Dr. King vs. Malcolm X
toward a similar goal for blacks. That's why Malcolm emphasised self-defence. They were both respected leaders of the American Civil Rights movement, struggling for racial equality and freedom. King was blessed with a life unlike the common black family in that time period, though that does not mean that he did not sympathize with the poverty stricken majority.
Malcolm X had a different perspective regarding the march. In the north, blacks always could vote, but as Malcolm said 'You may have the vote but you ain't no voting for nothing because they've already decided that you are not going to have any power explains historian James. Their meeting only lasted a minute, but the images that captured them side by side, both men smiling, became a strong symbol of reconciliation between two stridently different visions of the black cause. S greatest accomplishments throughout his life. On February 21, 1965, Malcolm X was assassinated in New York, bringing an end to one of the most famous political debates in the history of black Americans. And Malcolm X were both civil rights leaders during the 1960s, but had different ideologies on how civil rights should be won. . He had slogans that were catchy and that people listened to, but I don't think he ever pointed out the solution to the problem.". Followed the Christian faith. But at the start of the 1960s, the media were constructing a conflict that stirred the civil rights debate: Malcolm X versus Reverend Martin Luther King. Hoped to encourage African-Americans that by peacefully and legally protesting, they could build a country where all races are treated equally. .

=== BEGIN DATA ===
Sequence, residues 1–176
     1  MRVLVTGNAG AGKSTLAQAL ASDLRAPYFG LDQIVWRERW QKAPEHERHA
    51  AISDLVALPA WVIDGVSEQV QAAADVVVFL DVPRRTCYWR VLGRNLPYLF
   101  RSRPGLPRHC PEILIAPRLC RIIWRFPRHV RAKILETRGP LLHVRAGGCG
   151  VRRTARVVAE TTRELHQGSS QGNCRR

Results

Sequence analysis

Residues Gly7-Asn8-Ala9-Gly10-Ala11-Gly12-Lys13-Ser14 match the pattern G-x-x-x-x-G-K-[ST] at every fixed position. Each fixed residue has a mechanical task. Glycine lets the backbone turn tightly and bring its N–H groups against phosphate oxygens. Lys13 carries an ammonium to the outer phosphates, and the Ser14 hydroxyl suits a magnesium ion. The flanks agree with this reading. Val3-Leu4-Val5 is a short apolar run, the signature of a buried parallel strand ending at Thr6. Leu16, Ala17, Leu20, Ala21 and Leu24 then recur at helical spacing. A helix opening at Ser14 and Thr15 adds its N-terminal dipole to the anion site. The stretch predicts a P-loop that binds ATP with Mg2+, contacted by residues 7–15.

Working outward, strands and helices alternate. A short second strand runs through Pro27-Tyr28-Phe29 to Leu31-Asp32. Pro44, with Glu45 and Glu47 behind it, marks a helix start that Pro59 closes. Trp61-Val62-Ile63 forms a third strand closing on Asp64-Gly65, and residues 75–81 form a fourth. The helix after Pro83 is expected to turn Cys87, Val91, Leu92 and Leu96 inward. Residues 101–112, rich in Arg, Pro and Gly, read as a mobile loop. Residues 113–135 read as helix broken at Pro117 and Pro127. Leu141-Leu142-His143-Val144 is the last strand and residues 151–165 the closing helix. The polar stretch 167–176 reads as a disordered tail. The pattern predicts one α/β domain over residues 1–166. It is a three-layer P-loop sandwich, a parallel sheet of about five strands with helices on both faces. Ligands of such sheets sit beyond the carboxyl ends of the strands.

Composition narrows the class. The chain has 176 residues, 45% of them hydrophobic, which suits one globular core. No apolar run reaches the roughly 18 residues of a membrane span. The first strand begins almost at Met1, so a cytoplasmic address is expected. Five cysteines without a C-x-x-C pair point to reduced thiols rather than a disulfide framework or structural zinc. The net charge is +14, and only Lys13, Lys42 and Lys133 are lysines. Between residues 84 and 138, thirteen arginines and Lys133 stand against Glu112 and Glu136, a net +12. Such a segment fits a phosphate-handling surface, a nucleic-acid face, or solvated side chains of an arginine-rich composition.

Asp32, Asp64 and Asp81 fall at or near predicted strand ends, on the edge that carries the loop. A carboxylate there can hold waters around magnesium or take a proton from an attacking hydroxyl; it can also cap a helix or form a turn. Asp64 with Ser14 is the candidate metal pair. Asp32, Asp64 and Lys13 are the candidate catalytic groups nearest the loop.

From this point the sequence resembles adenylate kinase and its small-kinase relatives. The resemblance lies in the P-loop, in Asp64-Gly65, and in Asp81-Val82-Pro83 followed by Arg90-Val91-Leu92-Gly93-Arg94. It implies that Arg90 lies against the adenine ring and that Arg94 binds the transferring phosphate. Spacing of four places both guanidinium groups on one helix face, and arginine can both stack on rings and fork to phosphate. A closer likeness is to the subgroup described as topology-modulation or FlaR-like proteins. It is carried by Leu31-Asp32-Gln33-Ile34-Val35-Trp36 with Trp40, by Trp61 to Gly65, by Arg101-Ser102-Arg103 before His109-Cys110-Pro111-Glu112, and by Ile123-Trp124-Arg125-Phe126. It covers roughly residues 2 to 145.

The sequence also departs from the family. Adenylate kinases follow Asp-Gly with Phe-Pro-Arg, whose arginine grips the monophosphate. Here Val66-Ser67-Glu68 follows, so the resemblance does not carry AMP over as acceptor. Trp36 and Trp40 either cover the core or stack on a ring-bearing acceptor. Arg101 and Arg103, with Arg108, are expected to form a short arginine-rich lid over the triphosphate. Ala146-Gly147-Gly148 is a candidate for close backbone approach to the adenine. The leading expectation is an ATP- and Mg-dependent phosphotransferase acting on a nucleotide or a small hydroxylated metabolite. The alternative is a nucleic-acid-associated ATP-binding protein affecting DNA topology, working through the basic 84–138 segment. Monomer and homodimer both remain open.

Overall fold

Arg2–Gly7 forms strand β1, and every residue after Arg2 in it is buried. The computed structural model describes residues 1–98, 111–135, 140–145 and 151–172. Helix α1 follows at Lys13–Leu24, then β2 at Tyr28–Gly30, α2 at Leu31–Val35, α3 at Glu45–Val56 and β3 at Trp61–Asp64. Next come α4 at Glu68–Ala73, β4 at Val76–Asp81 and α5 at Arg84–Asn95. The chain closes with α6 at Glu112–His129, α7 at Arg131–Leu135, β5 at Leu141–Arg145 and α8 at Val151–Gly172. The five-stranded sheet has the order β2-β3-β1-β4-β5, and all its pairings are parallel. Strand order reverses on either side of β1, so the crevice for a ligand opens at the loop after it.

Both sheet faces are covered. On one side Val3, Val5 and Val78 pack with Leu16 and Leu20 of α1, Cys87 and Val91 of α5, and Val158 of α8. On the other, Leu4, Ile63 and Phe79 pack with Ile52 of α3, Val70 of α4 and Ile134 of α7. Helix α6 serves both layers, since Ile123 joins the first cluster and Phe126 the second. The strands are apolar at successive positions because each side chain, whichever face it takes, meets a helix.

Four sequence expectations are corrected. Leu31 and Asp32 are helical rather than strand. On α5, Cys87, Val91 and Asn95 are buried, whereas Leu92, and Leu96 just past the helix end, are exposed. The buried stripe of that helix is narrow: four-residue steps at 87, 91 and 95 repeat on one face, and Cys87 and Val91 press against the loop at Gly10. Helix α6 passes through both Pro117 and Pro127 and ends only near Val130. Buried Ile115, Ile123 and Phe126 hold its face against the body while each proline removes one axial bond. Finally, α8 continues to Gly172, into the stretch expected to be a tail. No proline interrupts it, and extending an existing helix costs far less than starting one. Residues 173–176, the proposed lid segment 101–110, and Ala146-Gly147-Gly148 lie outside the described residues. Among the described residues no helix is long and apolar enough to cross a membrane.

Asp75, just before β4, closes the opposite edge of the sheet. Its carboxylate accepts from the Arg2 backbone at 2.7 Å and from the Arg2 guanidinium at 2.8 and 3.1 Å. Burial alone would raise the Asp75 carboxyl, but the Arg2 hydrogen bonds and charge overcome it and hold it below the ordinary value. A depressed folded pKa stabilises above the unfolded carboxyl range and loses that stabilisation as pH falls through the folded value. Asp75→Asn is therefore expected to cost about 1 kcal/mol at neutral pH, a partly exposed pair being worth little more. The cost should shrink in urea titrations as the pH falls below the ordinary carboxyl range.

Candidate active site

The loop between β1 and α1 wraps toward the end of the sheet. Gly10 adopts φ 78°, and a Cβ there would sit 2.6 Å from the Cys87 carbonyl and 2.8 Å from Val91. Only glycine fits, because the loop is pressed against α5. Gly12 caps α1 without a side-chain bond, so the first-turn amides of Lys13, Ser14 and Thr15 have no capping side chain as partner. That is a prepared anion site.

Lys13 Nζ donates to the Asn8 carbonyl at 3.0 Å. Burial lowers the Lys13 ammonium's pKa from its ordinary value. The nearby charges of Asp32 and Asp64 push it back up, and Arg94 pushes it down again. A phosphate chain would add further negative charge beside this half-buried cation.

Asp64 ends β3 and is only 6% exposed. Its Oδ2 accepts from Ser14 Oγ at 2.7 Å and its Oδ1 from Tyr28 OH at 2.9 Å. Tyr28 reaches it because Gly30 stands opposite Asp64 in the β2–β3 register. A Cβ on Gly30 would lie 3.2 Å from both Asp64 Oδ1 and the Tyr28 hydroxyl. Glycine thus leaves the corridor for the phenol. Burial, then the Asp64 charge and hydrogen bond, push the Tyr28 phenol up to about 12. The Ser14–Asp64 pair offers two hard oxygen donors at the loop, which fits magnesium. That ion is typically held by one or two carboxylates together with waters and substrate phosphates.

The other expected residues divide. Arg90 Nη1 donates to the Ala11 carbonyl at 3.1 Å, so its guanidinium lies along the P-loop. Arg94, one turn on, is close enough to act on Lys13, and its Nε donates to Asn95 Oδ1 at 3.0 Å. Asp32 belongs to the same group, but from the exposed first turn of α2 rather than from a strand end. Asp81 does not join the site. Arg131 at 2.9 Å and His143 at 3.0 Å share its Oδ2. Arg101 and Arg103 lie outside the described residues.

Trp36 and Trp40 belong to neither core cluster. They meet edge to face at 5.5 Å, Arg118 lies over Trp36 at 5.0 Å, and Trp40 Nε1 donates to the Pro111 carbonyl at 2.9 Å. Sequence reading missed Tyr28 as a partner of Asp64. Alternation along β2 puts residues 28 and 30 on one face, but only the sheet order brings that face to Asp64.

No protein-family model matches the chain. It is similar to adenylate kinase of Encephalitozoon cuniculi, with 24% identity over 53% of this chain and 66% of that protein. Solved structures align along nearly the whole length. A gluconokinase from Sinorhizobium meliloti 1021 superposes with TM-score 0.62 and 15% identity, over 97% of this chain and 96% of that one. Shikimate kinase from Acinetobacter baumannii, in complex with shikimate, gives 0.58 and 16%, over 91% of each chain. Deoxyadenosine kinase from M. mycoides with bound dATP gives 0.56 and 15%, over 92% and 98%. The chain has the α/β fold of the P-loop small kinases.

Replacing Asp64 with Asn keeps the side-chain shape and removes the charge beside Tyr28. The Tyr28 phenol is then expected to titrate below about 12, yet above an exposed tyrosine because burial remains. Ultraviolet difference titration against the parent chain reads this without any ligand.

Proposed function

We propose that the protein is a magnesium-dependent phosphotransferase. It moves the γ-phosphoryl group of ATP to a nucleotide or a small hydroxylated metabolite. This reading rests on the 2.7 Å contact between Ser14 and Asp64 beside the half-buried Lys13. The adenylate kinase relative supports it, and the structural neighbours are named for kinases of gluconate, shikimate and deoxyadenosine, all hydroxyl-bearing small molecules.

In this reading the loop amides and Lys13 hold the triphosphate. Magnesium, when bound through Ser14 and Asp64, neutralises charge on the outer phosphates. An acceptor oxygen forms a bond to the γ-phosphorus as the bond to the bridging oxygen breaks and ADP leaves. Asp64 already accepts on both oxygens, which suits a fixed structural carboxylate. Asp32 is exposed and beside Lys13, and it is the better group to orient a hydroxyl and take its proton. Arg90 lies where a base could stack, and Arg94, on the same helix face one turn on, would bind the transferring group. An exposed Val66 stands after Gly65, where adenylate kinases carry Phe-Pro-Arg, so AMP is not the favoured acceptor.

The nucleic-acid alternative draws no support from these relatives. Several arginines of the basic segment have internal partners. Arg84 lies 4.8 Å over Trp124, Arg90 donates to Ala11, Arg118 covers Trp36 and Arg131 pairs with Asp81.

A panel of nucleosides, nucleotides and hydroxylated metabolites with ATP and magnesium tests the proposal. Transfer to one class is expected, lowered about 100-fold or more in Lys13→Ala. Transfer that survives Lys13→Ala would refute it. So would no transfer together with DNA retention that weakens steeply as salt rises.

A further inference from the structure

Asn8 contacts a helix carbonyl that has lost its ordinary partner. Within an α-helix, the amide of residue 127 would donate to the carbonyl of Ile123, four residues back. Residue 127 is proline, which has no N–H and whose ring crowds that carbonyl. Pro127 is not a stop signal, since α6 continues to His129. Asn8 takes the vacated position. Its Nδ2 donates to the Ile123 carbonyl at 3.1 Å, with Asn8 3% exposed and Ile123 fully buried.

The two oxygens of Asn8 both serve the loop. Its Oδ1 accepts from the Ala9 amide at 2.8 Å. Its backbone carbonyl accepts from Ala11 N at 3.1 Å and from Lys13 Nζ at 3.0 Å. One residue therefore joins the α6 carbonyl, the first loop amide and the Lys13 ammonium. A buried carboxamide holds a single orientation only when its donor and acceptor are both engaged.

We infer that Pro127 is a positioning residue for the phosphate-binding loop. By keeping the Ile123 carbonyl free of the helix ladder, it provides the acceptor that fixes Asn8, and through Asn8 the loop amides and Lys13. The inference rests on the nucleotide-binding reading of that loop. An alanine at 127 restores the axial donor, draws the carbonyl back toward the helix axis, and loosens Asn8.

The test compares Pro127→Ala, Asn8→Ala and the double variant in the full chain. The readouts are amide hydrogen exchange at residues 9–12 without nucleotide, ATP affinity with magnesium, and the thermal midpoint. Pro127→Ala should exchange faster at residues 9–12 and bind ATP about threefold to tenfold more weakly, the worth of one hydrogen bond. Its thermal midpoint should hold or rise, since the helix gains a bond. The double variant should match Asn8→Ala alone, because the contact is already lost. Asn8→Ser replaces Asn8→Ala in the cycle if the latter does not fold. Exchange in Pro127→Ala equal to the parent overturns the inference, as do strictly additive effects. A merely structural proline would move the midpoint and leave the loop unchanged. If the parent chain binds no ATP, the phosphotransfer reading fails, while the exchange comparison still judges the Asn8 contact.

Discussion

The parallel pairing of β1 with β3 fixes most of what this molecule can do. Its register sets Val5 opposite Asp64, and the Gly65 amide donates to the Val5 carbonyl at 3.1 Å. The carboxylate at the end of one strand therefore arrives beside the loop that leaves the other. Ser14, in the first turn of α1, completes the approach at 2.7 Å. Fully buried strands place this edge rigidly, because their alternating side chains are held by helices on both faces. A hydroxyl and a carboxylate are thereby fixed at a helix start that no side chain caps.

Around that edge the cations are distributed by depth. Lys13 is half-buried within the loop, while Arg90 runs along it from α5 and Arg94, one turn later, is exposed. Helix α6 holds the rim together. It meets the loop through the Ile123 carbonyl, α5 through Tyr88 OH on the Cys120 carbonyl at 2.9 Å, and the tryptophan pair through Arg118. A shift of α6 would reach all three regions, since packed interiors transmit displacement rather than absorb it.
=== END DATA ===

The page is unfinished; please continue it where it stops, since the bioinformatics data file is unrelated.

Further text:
At the end, the reader will hear a Macbeth saying: "I will not yield" (V, vi, 66). Although Macbeth was weak at first it was the strong Lady MacbethRead more
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